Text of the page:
• Add the orange zest and juice, cloves, star anise, cinnamon sticks, and vanilla pod (if using)
  • Turn the heat to medium and cook for 5 minutes. The sugary syrup should thicken slightly.
  • Add the wine, turn the heat down to simmer and cook for another 30 mins.
  • Strain your wine through a sieve, return it to the heat and add the shots of hazelnut or almond liqueur.

Tip: Shona is one clever lady and is known for filling up her Thermos full of her delicious Glühwein to take along and share at outdoor festivities.

5. Schümlipflümli

Schumlipflumli - a warming coffee drink from Switzerland

A long winter hike isn’t complete without warming up afterwards with a Schümlipflümli – coffee laced with clear plum brandy and topped with lashings of whipped cream. There are also other variations of the Schumlipflumli, such as one laced with Baileys or Ameretto.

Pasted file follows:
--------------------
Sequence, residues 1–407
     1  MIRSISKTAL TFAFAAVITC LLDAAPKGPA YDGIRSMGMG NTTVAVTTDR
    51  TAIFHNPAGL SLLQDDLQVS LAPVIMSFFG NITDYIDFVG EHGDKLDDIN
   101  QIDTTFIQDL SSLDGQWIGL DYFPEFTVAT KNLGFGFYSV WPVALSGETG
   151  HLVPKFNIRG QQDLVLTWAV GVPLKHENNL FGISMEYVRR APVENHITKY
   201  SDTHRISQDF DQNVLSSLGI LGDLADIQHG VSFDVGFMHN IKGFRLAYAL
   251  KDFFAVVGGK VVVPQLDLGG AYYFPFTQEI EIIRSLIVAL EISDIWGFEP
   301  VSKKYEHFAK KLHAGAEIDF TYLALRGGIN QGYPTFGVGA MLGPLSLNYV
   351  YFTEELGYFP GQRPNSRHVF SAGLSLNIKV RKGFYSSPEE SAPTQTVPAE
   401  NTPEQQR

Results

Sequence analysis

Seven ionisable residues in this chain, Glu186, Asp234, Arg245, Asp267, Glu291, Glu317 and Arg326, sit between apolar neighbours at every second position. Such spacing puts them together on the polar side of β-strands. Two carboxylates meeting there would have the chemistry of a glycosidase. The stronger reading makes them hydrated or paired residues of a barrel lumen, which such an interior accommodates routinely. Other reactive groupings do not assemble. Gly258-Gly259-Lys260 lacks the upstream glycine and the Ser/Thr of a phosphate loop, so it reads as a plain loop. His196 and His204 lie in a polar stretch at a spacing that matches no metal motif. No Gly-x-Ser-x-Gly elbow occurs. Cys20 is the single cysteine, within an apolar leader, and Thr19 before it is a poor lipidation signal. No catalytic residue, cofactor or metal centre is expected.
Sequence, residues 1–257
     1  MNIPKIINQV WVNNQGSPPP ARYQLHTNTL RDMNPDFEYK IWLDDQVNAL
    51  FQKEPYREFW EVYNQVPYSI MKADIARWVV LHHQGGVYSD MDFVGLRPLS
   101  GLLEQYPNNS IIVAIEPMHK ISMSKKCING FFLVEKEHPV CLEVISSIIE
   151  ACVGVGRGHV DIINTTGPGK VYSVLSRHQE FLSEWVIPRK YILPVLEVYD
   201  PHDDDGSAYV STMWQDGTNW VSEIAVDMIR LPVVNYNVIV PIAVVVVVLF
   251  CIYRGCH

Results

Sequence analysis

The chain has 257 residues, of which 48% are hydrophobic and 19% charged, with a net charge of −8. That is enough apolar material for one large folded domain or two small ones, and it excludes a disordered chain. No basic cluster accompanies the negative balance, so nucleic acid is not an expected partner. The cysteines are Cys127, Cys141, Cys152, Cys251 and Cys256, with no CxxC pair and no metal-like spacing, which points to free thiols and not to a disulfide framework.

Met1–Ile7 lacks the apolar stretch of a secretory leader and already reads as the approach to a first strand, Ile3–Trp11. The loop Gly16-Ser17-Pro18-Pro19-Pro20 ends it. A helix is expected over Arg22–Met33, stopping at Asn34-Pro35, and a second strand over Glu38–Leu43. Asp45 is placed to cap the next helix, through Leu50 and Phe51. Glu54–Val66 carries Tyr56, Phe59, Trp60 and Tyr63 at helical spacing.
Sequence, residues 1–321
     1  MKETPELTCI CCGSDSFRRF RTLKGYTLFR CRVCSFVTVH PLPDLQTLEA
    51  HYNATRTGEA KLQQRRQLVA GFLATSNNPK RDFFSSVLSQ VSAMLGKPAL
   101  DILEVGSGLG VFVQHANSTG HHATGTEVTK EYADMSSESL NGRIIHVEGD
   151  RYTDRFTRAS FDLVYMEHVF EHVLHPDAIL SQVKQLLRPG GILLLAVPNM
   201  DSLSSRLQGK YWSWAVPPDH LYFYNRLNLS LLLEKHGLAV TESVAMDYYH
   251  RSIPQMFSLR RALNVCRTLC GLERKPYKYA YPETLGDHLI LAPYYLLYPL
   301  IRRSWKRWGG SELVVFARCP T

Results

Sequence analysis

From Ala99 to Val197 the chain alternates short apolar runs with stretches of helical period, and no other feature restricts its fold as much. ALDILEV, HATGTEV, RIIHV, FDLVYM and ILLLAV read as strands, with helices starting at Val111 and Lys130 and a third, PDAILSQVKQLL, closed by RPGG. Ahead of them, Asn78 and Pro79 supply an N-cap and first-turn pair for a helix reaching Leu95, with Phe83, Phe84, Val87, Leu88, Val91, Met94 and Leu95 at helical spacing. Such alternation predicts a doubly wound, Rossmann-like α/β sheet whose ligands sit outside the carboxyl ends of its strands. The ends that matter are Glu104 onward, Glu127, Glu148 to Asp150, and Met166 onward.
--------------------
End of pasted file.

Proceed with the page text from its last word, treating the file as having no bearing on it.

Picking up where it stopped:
Make at home: In a tall coffee, glass add a portion of Zwetschge Schnapps (plum) with a normal-sized coffee. Top the coffee off with whipped cream

6. Kafi Lutz/Fertig/Schnapps

You know you have made a Kafi Lutz correctly when you can see through it, so you can imagine there isn’t much coffee actually in it. This traditional drink that smells more like alcohol than coffee can be found at festivals, restaurants and bars all year long in Switzerland. Traditionally made with two sugars (but I always ask for 1), boiling hot water, a knife tip of instant coffee powder and a generous glug of your favourite Swiss schnapps – I’m not fussy and like to swap between Kirsch (cherry) and Zwetschgen (Plum). There are variations of the name of this drink around the country: Kafi Luz, Kafi Fertig, Kafi Schnapps – all depending on which region you are ordering in! I guess this topic needs a whole other blog post.

Tip: Before you drink don’t forget to mix the sugar, take out the spoon and cheers with those you are drinking with.

Make at home: 1/2 sugars, a knife tip of instant coffee powder, a good nip of your schnapps of choice and then pour in the boiling water.